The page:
Thursday, 30 July 2015

How I Deal With Anxiety and Panic Attacks

Around this time last year I let you in on a little secret which I had been hiding from the Internet for quite a while. I was terrified, and I didn't like talking about it, but even now I'm still getting tons of emails from people around the world telling me that my post on anxiety and panic attacks helped them. And you have no idea how much that means to me.

Along with peoples' own mental health stories, it is constantly requested in these emails that I write a post on how I deal with my anxiety. Because, lets be honest, my original post was an emotional mess and, at the time, I didn't really have any solid ways of coping.

I'm far from being better, but I've come a long way since that first blog post, and in that time I've discovered a few things that work for me.


Listening to music

Sometimes I like to do this, and sometimes I don't. It depends on how I feel at the time, and if I do choose to listen to music, I either pick kickass tracks with empowering lyrics to get me in the zone, by artists like Sia and Jessie J, or I'll listen to less intrusive music, like Lorde and Troye Sivan. I also really like this remix of Midnight by Coldplay. Mostly, I think it's about finding songs with lyrics that speak to your particular situation.

Blowing on my thumb

This sounds weird, but stick with me. I got this one from Carrie Hope Fletcher's book, All I Know Now, and it works. When she's nervous before a show, she blows slowly on her thumb to regulate her breathing. A similar tip is to breathe in for 4 and out for 7, making sure your stomach is rising more than your chest. It helps to lay down for that one, so I prefer the other tip as you can do it anywhere.

Thinking ahead

Say I have an exam this afternoon and I'm really anxious about it. To help, I'll think 'this time tomorrow it will all be over and done with.' Imagining the situation over and out of the way really helps me and is actually something I've done since I was little.

Thinking positively

With anxiety, it's very easy to slip into the mindset that you can't do this, that you're rubbish and you'll never be able to do anything. Picturing myself doing successfully whatever it is I'm anxious about has helped me in the past.

Taking time out

I guess you could say that, until maybe a year ago, I didn't take much care of myself in the way that it never occurred to me to take a break every now and then. These days, I am a firm believer in self-care. If I have a lot to do but I'm feeling rubbish, I'll 'take the day off' and relax - or try to, at least. It's important to take time out when you need to, because if you're feeling like crap - whether you have anxiety or not - that's probably a sign that you need to stop for a while.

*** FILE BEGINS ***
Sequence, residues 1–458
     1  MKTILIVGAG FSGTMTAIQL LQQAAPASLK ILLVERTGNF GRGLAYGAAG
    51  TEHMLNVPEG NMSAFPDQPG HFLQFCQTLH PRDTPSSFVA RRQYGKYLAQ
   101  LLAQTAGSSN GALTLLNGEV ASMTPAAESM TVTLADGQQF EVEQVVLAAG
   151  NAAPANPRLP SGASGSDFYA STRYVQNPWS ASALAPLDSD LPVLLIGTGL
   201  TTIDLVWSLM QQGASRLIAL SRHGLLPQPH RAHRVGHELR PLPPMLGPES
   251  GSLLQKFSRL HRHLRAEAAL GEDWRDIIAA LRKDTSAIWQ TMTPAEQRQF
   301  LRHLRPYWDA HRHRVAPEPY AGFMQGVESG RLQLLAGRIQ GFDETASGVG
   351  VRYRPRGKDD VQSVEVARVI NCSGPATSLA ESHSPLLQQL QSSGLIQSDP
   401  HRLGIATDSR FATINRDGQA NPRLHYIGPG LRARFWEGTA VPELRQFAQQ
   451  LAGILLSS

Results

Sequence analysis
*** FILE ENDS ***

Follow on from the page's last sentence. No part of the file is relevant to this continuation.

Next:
Distracting myself

I write about every blog event I attend. There are always more than enough photos, lots and lots of notes, and sometimes even a vlog of the day. Why? Because being at an event is extremely nerve-wracking for me, and the only way I can ever get through it is by distracting myself by completely focusing on the end result, aka the blog post. I'll film clips, take photos, and write notes about the event, and this always helps to make me more comfortable.

Making my lock-screen positive


Like a lot of people, I always have my phone on me. So, I picked two inspirational tweets which I liked, made them into one photo, and set it as my lock-screen. Whenever I'm anxious I'll read it and really let it sink in.

Remembering that lots of people feel the same

Right now, someone in the world is having a panic attack. Right now, someone in the world is sat talking to their therapist. Right now, someone is taking their medication for the day. At YALC earlier this month, I was comforted by the fact that I knew there were lots of other people there with anxiety. Lots of people are dealing with the same things as you, and you're not alone. It helps to remember that every now and then.